Your visit brought home to me what a precious gift we have in our children and grandchildren. Your journey with Isabella through her illness and subsequent death is one filled with love and tinged with the tragedy of having to standby when all avenues of treatment fail to halt the progress of a tumour. When this happens to one so young as Isabella, one is left with the memories of her life with you and the unfulfilled dreams of what her life could have been.
It is only through research that, with time, treatments can be found that will prevent other familes having to endure the sadness that you have experienced. I congratulate you on your commitment to raise money, together with the family of Marcus who died from a similar tumour, to enhance the research effort that is needed.
I commend your appeal to the community and to your friends to assist your efforts in raising the money to ensure that other families can be spared the challenges that you have faced.
Professor David de Kretser AC
Dr Charlie Teo
It gives me great pleasure to offer my support and congratulations to the IAMPBTF. Brainstem tumours in children account for a significant percentage of all primary tumours found in the brain. Given that many of these are diffuse and truly inoperable, they are responsible for a much higher percentage of deaths from brain tumours than any other type. Even some of the focal brainstem gliomas, despite radical surgery, result in early death following diagnosis. Research into this deadly disease is sparse and poorly funded. I endorse any charity that has identified brain cancer research as desperately needing funds. Specifically, diffuse pontine gliomas, are often neglected by scientists even when they are studying brain cancer. There are several reasons for this but the 2 important ones are the often nihilistic or pessimistic attitude associated with such a terrible disease and secondly, we as neurosurgeons don’t usually provide our researchers with tissue with which to study the genetic codes, molecular make-up etc. The diagnosis is made on the MRI characteristics of the tumour.
The families of Isabella and Marcus need to be congratulated on their efforts and I support them 100%.
Charlie Teo AM
Conjoint Assoc. Professor UNSW
Director; Centre for Minimally Invasive Neurosurgery
Founder of Cure Brain Cancer Foundation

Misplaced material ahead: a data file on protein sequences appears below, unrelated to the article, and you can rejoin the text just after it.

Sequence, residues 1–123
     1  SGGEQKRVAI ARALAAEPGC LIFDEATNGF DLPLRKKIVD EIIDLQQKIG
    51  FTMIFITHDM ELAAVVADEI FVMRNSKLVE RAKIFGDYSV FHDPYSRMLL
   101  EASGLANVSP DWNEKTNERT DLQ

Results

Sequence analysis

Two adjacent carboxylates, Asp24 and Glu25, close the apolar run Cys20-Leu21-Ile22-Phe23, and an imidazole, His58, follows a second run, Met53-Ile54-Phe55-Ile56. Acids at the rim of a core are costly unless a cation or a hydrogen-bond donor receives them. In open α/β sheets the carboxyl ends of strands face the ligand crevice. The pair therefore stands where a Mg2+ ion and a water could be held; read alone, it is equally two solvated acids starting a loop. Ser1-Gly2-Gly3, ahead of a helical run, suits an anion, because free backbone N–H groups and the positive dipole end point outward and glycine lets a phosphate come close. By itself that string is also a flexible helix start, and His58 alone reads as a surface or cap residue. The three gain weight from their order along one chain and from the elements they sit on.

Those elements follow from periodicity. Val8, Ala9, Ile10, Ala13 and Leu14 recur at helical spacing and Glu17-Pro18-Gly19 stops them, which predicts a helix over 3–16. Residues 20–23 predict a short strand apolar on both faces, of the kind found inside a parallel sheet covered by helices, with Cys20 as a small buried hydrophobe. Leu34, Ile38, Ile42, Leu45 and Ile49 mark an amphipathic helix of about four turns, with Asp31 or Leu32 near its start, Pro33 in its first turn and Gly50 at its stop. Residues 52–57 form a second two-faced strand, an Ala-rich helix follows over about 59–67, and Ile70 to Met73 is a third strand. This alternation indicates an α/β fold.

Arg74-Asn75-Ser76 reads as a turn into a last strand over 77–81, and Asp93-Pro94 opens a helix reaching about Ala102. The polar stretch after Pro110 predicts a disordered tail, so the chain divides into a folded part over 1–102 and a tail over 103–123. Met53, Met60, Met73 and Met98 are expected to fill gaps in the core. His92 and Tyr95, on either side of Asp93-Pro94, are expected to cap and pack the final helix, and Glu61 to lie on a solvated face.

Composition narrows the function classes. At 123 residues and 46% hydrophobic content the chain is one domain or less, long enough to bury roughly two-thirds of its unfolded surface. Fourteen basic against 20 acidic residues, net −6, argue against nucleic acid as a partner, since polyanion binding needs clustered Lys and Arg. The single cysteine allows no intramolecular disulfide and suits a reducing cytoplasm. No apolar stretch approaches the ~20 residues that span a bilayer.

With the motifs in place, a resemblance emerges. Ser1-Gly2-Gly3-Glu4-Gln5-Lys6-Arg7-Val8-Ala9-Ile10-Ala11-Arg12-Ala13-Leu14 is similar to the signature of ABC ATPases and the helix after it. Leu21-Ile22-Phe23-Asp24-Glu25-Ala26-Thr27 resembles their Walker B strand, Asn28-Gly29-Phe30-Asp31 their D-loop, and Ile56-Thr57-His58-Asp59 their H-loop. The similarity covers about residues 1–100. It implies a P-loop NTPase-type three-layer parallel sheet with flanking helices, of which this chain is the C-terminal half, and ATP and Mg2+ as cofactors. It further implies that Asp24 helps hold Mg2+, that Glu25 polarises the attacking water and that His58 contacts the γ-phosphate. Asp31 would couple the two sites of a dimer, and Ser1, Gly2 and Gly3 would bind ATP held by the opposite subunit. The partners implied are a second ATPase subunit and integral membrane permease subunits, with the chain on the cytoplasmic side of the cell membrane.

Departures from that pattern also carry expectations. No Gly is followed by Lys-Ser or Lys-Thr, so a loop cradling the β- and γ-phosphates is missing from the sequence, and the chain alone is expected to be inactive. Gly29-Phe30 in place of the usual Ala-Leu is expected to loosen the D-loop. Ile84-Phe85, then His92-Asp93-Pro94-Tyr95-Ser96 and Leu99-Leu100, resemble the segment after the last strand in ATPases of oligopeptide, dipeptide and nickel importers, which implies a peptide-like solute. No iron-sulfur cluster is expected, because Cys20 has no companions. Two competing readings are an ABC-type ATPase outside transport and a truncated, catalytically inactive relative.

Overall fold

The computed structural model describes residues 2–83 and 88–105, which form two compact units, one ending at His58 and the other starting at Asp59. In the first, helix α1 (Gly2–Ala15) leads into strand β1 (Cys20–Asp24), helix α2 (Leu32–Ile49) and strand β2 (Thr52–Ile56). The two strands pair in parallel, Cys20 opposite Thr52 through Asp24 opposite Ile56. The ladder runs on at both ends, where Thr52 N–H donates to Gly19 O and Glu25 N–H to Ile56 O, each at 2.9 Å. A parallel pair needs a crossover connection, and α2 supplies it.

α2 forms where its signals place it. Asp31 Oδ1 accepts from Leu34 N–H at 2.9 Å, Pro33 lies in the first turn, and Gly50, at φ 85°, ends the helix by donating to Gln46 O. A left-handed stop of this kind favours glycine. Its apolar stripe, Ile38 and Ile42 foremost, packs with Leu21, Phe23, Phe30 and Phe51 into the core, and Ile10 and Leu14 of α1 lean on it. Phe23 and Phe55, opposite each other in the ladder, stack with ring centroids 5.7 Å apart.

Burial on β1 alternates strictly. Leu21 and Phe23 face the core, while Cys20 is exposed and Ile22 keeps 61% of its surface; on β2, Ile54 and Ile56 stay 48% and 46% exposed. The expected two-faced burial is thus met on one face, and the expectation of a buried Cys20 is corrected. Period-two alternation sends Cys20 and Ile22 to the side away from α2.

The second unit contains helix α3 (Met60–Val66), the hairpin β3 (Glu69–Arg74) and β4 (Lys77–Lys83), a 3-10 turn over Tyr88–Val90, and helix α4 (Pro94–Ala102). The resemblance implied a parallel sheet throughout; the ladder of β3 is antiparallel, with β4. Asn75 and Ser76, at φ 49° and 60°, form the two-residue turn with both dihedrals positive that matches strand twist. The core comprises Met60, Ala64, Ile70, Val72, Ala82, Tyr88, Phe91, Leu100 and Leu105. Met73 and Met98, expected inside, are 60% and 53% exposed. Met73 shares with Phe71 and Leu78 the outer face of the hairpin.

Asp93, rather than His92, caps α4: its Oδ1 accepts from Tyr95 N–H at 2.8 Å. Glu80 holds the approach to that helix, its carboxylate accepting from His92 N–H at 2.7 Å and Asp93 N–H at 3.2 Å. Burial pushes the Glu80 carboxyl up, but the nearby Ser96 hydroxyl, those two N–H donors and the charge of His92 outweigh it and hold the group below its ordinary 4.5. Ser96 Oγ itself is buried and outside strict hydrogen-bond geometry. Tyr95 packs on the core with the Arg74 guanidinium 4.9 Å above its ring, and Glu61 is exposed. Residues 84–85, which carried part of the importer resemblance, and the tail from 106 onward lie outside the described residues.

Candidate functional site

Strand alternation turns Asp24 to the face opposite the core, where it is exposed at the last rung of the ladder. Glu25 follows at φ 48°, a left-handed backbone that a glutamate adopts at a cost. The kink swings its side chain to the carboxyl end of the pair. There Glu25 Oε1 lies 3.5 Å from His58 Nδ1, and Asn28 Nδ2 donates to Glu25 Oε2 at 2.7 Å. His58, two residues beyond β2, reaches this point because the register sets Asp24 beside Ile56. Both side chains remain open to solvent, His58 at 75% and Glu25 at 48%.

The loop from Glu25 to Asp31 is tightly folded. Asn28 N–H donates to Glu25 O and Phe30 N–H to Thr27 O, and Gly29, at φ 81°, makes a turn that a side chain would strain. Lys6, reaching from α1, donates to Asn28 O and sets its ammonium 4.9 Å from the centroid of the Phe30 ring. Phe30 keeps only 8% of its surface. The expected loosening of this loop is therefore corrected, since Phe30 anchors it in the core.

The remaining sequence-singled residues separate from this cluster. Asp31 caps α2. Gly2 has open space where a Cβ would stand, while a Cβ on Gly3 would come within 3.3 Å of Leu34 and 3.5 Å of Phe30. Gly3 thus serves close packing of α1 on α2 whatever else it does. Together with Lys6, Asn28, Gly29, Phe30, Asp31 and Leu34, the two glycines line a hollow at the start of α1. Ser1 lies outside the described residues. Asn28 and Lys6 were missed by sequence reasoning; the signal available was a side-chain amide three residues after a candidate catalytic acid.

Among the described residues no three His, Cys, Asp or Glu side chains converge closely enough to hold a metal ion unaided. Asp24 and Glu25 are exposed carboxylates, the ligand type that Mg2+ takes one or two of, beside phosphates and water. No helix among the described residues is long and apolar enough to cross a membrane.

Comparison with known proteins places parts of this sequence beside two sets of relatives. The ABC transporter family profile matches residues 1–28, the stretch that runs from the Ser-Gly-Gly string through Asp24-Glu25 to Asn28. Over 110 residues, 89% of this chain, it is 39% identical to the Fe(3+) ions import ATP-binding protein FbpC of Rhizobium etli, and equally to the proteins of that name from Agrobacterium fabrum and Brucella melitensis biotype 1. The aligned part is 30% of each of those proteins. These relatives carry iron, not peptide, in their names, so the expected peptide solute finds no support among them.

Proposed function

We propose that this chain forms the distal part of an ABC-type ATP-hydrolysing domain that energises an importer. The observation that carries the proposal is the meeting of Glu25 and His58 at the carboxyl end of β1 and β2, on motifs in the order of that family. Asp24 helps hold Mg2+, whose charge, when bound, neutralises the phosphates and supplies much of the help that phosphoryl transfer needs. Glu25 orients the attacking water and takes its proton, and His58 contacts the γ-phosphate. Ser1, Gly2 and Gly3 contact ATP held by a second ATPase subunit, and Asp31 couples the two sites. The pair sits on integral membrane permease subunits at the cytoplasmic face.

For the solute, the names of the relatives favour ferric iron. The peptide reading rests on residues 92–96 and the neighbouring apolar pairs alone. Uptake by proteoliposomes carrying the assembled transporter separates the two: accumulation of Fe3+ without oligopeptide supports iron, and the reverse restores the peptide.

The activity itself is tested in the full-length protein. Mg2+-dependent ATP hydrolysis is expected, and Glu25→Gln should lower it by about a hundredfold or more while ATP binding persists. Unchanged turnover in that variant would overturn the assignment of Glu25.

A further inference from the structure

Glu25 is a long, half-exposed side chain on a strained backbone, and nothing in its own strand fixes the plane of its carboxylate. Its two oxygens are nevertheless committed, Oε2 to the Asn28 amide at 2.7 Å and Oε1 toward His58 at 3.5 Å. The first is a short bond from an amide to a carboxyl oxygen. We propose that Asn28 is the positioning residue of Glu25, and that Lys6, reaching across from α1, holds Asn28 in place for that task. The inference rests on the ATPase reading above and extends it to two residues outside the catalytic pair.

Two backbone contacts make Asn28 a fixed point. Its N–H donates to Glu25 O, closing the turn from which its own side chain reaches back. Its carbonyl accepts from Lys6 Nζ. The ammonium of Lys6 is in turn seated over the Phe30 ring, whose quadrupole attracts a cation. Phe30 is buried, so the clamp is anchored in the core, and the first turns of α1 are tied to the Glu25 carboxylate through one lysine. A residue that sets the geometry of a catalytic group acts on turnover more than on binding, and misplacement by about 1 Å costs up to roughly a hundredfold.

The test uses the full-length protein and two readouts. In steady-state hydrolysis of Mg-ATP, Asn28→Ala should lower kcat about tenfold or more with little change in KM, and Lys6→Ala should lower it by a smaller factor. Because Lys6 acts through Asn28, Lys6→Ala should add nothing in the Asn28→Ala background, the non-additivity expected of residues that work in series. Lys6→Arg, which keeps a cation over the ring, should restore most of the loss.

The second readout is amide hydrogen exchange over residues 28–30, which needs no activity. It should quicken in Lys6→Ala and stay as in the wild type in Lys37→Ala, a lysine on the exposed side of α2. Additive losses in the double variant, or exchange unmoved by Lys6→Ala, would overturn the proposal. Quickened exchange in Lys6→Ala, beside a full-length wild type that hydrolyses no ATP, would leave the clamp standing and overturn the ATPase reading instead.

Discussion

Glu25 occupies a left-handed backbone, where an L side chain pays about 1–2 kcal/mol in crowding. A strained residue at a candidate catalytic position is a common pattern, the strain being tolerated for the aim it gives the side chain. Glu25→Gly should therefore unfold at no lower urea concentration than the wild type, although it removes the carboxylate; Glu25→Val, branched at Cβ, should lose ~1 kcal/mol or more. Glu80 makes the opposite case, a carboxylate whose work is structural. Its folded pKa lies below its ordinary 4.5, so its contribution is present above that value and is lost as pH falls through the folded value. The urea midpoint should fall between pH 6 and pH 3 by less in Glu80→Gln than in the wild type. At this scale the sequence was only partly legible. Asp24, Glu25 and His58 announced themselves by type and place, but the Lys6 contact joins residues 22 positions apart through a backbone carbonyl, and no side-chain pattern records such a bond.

Luke Donnellan MP, State Member of Parliament
As a father of two young sons, I empathise with the loss of a child to cancer. Too many children tragically die from brain tumours in Australia every year and few people realise that it is the leading cause of cancer deaths for children in this country. There is no cure for DIPG (Diffuse Intrinsic Pontine Glioma) and this in an untenable situation. Research drives treatment and currently research into brainstem tumours is limited, so the work of The Isabella and Marcus Fund is vital. The Charity’s mission is to establish a permanent laboratory in the Victorian Comprehensive Cancer Centre, to study this disease and develop treatments. I am pleased to be a supporter of the Isabella and Marcus Fund.
My family is the most important thing to me. I cannot imagine life without them. In Australia each year, families have to deal with the diagnosis of a brainstem tumour in their young child. Particularly devastating is a diagnosis of DIPG, which is incurable. What is hard to accept is that there is no medicine that can save their child’s life or at least provide some hope for a cure. Radiotherapy may give them precious months but the tumour will eventually grow back and continue to grow unabated until they die. I support the Isabella and Marcus Fund in their endeavour to provide for a laboratory to research brainstem tumours and develop treatments, so that one day children are offered a chance at a full life, in the same way that many other paediatric cancers that were once considered incurable are now treatable.
Letters of Support
University of Melbourne, Australia